When you visit a place that has blue skies 300 days per year, with Native American heritage and the third most active art market in the country, you’ll be pretty happy. Throw in world-class cuisine, stunning adobe architecture and mountainous national parks, and you’ll be jumping for joy.
Santa Fe, N.M., has this understated “pinch me” appeal, like a small-town vibe with culture galore. Founded by Spanish colonists in 1610, it’s the nation’s oldest state capital. An hour northeast of Albuquerque in the high-altitude desert, it also sits at the intersection of continental and Native American legacies, and its contemporary tribal presence is a vivid reminder of that history.
There are visual reminders, too. The ubiquitous art scene is manifested at Canyon Road, where you can stroll its half-mile of 100 art galleries and restaurants offering a vibrant collision of local art, architecture and food. The Santa Fe Artists Market at the Railyard (March-December) is a smorgasbord of local artists selling handcrafted ceramics, turquoise jewelry, paintings and more, while local Native American artisans have sidewalk stalls at the Palace of the Governors, now the New Mexico History Museum. Sit in the historic downtown Plaza with a coffee and practice your price negotiation technique.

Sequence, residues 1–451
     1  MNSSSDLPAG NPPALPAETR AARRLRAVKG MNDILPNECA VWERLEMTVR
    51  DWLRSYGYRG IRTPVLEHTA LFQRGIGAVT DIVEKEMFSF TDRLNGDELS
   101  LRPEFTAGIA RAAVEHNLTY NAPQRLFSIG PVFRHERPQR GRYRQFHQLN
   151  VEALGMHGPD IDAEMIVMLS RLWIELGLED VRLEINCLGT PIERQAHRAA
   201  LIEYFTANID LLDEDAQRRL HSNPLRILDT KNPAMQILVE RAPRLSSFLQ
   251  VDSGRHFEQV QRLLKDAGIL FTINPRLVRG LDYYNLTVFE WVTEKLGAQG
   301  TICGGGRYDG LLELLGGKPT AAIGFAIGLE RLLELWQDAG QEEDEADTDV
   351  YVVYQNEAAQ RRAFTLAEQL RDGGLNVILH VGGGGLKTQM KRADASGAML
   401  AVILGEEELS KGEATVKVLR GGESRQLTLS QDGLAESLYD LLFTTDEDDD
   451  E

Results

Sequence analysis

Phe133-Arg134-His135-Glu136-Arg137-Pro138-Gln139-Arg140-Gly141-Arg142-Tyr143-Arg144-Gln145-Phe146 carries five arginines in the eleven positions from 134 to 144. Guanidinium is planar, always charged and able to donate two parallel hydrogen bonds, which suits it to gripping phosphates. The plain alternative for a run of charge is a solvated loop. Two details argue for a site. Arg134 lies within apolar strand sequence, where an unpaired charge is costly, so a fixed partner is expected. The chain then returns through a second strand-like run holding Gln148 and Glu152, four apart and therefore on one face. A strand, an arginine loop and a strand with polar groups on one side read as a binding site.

The Museum of International Folk Art, inside the Museum of Indian Arts and Culture, features hundreds of mini dioramas in the world’s largest folk art collection. Meanwhile, Meow Wolf ’s hands-on environment is a must for families, blending contemporary pop culture with sci-fi geekdom.
For further adventures, drive an hour to Bandelier National Monument to explore 13th-century pueblo cave dwellings. Only 40 miles west of the city is Kasha-Katuwe Tent Rocks National Monument, featuring hiking trails and bird-watching amid the cone-shaped hoodoos and plateaus formed by volcanic eruptions 6 million years ago.
After all this activity, you’ll need sustenance. Since New Mexico is the chile capital of the U.S., its dishes begin and end with this pepper. Whether you order sopapilla, deep-fried dough stuffed with ground meat and cheese, or the posole stew, you must decide, “red, green or Christmas?” referring to the chile sauce you prefer. Visit La Boca for upscale tapas, La Choza for authentic enchiladas smothered in chiles, or El Farol for live flamenco dancing.
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